Re: Intro to GNOME and the FSF

   One of "our" goals (SuSE's) is cooperation; misusing a project like
   GNOME for propaganda wouldn't be helpful.  TeX and/or XFree86 are worth
   to have a look at.

TeX and XFree86 have been chosen as "external" components of the GNU
system as well. GNOME, as the official desktop environment of the GNU
system is the ideal place to make regular people (i.e. people who have
no clue about computing) who will use the system understand what this
system is meant for (to provide them freedom with their computer).

   > Nonetheless, I suggest you strongly to read carefully the philosophy
   > pages on It will help you understand what the issues are
   > regarding the GNU project, the GNOME project, etc...

   Yes, but this doesn't imply that the GNOME Project has to explain the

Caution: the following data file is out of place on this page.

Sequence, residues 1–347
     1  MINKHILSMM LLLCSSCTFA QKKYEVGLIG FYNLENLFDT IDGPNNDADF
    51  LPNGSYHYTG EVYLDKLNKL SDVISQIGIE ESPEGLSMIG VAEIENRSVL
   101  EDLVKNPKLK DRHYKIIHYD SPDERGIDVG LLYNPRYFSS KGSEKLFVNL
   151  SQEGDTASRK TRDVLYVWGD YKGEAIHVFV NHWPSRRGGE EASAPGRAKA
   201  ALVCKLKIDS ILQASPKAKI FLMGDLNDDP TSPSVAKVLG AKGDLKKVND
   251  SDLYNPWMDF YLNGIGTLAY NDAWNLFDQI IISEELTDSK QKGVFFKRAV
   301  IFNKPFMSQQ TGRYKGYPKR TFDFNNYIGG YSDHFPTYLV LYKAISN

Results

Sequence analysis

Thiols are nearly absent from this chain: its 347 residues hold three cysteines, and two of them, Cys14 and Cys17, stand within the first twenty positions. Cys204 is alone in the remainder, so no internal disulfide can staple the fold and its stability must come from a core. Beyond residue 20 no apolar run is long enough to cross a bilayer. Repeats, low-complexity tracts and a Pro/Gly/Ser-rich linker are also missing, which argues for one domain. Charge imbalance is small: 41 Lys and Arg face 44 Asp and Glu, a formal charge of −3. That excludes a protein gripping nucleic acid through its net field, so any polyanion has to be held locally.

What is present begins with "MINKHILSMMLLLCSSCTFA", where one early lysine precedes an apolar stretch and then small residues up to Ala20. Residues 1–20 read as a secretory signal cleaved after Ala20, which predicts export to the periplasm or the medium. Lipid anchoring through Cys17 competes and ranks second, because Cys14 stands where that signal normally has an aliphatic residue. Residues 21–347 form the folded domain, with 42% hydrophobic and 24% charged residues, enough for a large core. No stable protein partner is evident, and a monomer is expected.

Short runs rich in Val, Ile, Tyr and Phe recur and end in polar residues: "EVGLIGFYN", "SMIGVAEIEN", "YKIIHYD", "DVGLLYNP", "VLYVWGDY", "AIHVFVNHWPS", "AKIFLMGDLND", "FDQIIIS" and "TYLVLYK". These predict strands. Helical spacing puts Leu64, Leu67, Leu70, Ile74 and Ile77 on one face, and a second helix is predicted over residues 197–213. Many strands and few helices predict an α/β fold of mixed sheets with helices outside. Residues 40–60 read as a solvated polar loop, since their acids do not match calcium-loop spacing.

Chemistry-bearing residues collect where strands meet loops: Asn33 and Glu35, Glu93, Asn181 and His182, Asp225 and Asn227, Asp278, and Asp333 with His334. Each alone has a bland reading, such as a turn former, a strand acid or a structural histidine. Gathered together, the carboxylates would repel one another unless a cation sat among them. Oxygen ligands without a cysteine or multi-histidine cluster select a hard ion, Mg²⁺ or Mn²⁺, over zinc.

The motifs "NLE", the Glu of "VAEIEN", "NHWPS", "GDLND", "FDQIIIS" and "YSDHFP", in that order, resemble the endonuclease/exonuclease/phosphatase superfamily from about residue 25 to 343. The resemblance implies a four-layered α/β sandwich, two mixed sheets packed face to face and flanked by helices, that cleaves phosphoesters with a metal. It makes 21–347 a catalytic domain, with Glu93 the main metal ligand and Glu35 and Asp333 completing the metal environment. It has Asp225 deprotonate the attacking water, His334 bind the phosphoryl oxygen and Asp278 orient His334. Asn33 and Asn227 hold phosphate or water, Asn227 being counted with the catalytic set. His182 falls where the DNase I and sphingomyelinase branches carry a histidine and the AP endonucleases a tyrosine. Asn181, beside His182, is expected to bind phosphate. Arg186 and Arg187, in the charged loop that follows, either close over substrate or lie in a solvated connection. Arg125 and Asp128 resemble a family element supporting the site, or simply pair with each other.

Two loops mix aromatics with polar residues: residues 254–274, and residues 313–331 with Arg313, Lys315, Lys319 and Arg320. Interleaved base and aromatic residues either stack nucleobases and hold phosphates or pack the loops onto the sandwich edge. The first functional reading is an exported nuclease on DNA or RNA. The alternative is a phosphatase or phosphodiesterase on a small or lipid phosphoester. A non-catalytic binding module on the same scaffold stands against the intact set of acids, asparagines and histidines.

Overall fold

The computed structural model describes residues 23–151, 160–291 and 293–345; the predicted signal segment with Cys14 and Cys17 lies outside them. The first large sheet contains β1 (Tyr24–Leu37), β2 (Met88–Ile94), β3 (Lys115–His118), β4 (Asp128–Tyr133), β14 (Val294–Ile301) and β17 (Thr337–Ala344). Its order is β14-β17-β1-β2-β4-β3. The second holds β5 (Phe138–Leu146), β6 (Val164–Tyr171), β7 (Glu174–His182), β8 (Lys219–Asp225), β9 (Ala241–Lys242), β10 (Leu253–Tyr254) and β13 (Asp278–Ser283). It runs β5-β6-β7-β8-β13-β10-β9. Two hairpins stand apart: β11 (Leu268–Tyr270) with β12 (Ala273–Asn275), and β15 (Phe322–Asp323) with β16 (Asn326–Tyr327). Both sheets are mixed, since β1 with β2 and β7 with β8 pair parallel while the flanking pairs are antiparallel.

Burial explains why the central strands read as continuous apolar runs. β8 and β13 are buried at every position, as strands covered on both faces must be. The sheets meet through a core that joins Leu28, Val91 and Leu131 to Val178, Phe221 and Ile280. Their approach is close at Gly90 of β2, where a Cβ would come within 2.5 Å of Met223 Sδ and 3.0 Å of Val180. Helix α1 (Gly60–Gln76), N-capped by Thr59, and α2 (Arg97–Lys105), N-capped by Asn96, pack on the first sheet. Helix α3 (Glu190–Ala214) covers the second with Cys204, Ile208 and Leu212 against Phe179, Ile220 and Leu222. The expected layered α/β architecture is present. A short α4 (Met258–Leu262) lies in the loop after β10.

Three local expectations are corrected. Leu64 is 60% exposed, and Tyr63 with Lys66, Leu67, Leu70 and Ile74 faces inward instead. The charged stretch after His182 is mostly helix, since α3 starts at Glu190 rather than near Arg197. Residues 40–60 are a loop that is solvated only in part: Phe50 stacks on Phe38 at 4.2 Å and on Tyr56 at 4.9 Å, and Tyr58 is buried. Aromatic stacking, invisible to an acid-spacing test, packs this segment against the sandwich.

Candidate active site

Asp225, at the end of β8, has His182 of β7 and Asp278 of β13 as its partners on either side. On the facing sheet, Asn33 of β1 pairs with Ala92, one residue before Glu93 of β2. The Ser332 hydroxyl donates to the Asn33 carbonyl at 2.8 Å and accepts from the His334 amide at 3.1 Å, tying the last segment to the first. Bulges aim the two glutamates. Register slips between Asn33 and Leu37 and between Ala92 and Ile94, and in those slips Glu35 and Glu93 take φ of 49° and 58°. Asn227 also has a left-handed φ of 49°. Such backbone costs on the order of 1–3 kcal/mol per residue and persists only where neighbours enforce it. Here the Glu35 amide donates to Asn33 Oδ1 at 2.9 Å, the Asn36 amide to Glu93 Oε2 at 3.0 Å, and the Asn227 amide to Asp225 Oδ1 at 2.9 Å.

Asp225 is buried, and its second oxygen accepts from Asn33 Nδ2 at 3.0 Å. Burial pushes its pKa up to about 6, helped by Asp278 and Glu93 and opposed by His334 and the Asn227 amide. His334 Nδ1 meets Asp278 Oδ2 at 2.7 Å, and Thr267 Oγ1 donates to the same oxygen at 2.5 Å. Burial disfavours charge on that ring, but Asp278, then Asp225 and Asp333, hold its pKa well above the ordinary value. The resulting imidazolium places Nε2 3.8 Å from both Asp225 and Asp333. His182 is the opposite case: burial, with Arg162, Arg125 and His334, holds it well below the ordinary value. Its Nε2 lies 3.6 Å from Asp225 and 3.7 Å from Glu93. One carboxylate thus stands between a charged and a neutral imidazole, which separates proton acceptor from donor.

GNU Project and the goals of other interested parties.  I hope you'll
   see the point.

It doesn't for sure. I am just suggesting to do so because GNOME is an
ideal place to reach the regular people, as it is the first component
of the system they will use. This doesn't mean that introduction has
to be a local mirror of

I found that the introduction to "GTK/GNOME programming"
(H. Pennington) (nice book btw) by Miguel (nice intro too) had a few
good points related to that issue. The whole intro is just a few pages
long (3 or 4 if I remember correctly). If you strip the parts related
to the history of GNOME (we did this and that guy did that, so we
obtained that other this in 1998...) or to GNOME programming, you get
a good reduction with the main points covering the "Why GNU and why
GNOME" questions.


[Date Prev][Date Next]   [Thread Prev][Thread Next]   [Thread Index] [Date Index] [Author Index]